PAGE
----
The video shows Woods and Co. getting a bit lit at a karaoke club, as they sip goldfish-filled martinis and chow down on late-night Chinese food, each partier dressed as one of Woods’ favorite icons: Marie Antoinette, Britney Spears, Elvis… Pikachu. Woods, in a bespoke mirror-ball suit jacket and matching slacks and cowboy hat, leads the fun with a grin and cool demeanor, even as she laments the girl she had to give up.
Billboard spoke with Woods about “One Big Party,” her inspirations, and the current state of the lesbian-inflected pop world.
Who is inspiring you musically right now?
I actually listen to mostly throwback tracks, I always have. I love those sounds. Madonna is my go-to icon. I've looked up to her since I was a confused little gay girl. I was like, "I want to be Madonna when I grow up!" She was definitely the stepping stone for me to pursue music. She’s just so comfortable with herself and she really owns her shit. She’s androgynous and sexy and a tomboy. She doesn't have one specific way of being. I was really mixed up when I was a kid, and Madonna gave me a ton of inspiration and direction, I feel like. I take a ton from her to this day!
What is “One Big Party” about?
The song is called “One Big Party,” because, for me, life seems like one big party, and everyone is just trying to distract themselves from themselves, all the time. That's what drinking, smoking, and even some relationships are: distractions. Things can be really exciting at first, but eventually you can become dissatisfied, and in the end you’re left with only yourself. Remember, distractions won’t make you happy; you make you happy, and in the end you are what you have.
What was the concept for the music video? It’s totally entrancing!
Thanks! I wanted it to be like a hazy, party-fueled fever dream. I'm surrounded by modern icons like Britney Spears and Pikachu, but then also some older icons like Elvis or Marie Antoinette. I’m also obsessed with old-school Hollywood vibe, so I try to incorporate that into the looks of my videos a lot.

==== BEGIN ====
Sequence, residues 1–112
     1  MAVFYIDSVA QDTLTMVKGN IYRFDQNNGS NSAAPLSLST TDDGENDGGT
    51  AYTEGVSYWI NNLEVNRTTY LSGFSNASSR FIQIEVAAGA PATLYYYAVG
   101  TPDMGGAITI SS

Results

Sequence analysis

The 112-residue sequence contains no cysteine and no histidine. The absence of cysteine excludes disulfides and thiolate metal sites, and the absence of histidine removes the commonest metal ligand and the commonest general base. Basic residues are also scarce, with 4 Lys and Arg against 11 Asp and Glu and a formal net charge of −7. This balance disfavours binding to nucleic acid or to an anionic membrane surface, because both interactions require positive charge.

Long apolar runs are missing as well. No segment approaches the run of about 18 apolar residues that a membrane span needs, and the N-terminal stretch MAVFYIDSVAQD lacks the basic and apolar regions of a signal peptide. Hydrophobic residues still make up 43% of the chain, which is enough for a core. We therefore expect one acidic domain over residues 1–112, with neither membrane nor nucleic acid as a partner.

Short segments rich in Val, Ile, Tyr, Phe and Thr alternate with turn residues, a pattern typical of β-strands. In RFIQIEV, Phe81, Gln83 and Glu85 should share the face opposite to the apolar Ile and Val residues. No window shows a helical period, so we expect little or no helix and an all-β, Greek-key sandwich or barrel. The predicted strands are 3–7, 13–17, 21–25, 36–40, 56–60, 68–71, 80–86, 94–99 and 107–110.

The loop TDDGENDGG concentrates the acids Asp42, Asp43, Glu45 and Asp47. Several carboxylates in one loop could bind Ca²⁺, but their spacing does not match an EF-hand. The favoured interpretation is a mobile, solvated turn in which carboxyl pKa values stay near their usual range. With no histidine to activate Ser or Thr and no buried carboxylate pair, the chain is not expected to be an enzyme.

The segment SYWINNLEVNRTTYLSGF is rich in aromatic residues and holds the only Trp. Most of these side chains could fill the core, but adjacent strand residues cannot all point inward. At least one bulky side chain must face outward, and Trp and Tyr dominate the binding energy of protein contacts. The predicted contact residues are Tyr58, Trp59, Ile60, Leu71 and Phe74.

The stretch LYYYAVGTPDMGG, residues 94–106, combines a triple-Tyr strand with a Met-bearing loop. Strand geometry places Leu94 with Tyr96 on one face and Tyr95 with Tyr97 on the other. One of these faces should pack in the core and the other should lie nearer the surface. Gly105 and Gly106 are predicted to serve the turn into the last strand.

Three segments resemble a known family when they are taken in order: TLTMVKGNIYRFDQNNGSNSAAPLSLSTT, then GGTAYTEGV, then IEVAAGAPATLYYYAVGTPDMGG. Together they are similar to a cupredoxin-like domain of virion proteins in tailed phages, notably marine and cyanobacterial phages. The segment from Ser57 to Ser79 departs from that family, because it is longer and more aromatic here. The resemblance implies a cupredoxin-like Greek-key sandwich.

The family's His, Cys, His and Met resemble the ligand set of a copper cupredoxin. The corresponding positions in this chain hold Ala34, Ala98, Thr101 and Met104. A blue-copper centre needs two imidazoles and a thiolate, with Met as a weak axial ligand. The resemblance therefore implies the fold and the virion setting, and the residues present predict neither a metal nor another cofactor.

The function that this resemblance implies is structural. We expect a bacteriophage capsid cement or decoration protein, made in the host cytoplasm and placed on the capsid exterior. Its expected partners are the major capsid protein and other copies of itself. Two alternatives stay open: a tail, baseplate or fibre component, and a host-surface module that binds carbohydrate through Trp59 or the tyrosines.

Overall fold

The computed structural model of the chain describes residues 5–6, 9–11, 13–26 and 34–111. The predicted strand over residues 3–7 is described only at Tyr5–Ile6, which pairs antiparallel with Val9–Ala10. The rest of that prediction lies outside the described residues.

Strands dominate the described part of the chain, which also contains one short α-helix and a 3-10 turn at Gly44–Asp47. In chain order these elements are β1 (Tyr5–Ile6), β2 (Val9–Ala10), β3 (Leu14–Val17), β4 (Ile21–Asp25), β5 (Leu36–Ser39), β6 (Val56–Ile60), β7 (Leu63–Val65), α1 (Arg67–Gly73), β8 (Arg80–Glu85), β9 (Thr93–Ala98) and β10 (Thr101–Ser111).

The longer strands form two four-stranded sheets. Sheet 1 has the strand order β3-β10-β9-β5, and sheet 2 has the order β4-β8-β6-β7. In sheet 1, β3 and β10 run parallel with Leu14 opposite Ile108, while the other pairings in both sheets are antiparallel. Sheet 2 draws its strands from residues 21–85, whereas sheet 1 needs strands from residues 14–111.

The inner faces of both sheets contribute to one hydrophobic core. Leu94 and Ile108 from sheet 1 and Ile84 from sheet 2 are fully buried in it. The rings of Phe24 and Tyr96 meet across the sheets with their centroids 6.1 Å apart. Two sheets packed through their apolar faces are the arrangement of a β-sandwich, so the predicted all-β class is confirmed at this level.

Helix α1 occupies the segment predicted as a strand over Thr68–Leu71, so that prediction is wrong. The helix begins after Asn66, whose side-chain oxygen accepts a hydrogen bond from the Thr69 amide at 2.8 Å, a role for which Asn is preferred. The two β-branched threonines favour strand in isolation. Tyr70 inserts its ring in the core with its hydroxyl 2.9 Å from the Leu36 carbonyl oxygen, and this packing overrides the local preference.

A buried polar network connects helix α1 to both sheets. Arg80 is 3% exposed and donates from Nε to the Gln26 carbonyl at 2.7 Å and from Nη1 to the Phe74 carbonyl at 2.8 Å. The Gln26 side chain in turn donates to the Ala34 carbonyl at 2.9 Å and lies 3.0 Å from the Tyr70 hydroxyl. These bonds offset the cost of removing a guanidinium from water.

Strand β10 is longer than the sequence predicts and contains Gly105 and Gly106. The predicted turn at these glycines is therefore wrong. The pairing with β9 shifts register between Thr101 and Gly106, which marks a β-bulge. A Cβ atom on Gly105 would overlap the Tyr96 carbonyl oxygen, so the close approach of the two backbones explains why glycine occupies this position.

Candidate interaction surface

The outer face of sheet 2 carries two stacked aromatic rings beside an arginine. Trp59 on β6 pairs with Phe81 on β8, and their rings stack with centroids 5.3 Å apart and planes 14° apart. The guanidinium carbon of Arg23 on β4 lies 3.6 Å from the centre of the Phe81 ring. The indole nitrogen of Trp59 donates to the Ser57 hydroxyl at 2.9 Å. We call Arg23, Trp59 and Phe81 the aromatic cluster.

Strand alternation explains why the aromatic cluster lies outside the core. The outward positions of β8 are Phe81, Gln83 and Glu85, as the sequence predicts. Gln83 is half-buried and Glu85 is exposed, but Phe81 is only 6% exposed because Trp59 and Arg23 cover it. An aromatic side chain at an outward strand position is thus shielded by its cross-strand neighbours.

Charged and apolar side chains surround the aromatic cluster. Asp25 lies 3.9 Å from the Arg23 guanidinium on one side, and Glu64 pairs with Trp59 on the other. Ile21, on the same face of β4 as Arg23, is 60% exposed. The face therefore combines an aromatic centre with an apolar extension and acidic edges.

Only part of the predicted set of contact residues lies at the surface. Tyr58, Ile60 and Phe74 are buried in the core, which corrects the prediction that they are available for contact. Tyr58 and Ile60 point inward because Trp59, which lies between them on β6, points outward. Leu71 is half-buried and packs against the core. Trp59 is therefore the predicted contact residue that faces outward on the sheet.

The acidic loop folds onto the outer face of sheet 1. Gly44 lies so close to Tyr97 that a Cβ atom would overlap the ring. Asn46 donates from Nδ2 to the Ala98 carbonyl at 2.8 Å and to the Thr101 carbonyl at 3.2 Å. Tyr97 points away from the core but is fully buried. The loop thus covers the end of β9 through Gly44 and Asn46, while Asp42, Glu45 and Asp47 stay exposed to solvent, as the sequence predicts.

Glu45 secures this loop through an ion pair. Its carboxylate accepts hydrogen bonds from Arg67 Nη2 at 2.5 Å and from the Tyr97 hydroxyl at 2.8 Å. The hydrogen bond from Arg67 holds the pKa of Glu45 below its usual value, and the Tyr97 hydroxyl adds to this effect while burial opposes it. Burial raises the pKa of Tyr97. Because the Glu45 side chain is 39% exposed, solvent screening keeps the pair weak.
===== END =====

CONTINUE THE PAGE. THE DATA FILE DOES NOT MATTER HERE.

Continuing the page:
And are you singing about anyone specifically?
Oh, yeah. I’m definitely talking about one past relationship in particular. Sometimes I feel like I manifest breakups to feed my creativity. Like when I put out “Heart Won’t Forget,” I had just gone through a crazy breakup. And I recently went through another messy breakup, and now “One Big Party” is out. It always happens that way!
Many singers use their relationships and breakups as songwriting fodder, so you’re not alone there. But unlike those singers, you are coming from a lesbian perspective. Do you feel you've ever had to change your creativity due to the pressures of being an out pop star?
When I released “Only a Girl,” I was very much like, "Fuck it. I’m going to do whatever I want, and I don't care what people think, or what they count as the norm." I just wanted to be myself, fuck what others say. That's been my mentality.
I come from an old fashioned Persian family where I didn't really get to be myself until I came out, so coming out was really about finding personal freedom for me. I haven't done many videos that deal with relationships recently, but that's not because I don't want to or don’t have those songs in me; I just don't want to be known for my sexuality alone. I want people to identify as however they do, and be proud of that, but I wish it could become more normalized so we wouldn't have to talk about it so much. But there's still a lot of pressure to conform, to not be "too much."
Queer singers are still not treated the same way that straight singers are.
Agreed. I want to be treated exactly the same way as straight girl pop singers are treated, but that doesn’t always happen. You’re always asking yourself, where’s the limit? What’s considered over the line for a lesbian pop star? It’s always on your mind.
And the line changes all the time, too.
Completely! It’s complicated and I’m so over it. I wish we could all just put stuff out there without thinking about how neatly it fits into boxes and categories.
Ideally, we wouldn’t need to talk about these issues at all, but because of how queer folk have to deal with society, we need to keep the conversation going.
Yes, and I know I need to keep discussing it to help my community, and I’m really happy that I can, and that I’m in a position to help. But there’s always a little part of me that wishes queerness were considered completely normal! Hopefully I’m helping that become a reality.